Coming out when older is easier in that I am not financially dependent on anyone. It can also be harder because I have lied to or hidden my identity from people I care about for so many years. The angst is both about being gay and about having lied for so, so long.

It feels forced to spontaneously tell a long time friend that I am gay. Talking about running the Marine Corps Marathon for HRC opens a natural dialogue. The usual response is " Oh, what is the Human Rights Campaign?" When I describe it as the largest LGBT rights organization they often ask why I am running for HRC and I either come out myself or sometimes I will talk about my siblings ( not quite lying but it lets me chicken out depending the circumstances).

A year ago, I decided to get in shape after many years of yo-yo weight because I finally felt good about myself . I achieved my weight loss goal of losing 60 pounds and was ready for a new goal. I was running about three miles a day by August 2013 when I received an email from HRC looking for volunteers to run the Marine Corps Marathon. If you asked me then, I would have said "I hate running and anyone who would run 26.2 miles needs counseling". Something about the purpose and the challenge struck a chord with me. So I decided, "I can do this. I need to do this".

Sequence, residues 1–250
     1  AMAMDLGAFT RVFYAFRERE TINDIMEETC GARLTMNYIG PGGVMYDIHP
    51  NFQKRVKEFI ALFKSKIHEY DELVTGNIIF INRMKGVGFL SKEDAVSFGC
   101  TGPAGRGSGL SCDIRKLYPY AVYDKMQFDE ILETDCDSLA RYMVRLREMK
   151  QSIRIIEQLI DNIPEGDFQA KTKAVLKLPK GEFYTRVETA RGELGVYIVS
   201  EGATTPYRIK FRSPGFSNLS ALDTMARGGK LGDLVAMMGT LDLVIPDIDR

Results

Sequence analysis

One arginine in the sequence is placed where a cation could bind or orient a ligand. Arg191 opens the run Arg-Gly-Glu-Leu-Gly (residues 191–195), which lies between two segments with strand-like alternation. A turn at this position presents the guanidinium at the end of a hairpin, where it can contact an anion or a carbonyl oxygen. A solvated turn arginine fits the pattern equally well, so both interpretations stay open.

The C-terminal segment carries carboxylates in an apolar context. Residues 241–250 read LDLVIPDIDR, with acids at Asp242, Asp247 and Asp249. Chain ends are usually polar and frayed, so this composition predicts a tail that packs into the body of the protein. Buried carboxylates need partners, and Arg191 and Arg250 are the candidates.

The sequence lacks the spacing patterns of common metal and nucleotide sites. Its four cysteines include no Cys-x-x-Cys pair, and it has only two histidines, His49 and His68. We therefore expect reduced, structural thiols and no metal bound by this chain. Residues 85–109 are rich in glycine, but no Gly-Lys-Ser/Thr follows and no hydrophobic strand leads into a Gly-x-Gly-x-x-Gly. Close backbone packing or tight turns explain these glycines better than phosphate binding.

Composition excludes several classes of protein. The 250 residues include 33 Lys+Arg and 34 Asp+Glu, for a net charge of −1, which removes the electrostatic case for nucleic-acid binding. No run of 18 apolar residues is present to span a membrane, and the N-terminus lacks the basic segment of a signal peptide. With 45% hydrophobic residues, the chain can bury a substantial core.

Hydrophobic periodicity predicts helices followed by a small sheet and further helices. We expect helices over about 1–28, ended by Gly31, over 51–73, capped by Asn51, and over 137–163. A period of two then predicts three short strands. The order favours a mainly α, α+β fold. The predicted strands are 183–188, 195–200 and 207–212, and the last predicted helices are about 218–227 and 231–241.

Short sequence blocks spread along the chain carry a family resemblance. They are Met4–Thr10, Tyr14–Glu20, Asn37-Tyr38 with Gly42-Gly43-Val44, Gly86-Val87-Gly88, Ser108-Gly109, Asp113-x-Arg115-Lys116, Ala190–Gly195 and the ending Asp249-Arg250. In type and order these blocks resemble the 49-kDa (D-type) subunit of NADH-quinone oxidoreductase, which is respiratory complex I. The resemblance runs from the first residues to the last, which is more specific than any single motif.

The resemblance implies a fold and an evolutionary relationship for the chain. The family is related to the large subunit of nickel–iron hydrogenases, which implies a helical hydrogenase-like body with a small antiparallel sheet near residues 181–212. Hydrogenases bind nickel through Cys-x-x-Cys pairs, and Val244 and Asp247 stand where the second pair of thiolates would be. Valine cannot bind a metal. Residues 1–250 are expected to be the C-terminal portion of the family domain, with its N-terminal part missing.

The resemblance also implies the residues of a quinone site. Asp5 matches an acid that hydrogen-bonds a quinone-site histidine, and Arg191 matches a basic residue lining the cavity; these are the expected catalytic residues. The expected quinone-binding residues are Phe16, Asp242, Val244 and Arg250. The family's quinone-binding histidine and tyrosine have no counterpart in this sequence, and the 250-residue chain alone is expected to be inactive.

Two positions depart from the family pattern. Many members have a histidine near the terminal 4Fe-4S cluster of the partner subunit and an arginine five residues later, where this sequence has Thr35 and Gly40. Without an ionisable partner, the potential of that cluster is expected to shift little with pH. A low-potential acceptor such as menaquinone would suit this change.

The short version of why I am running the Marine Corps Marathon as an Athlete for Equality to benefit the Human Rights Campaign is to pay back the HRC for all they have done for me, to atone for those I wronged with my words or actions, to make it safer and easier for those struggling with, or because of, who they are and to force myself to come out for myself and to increase the visibility of gays in general.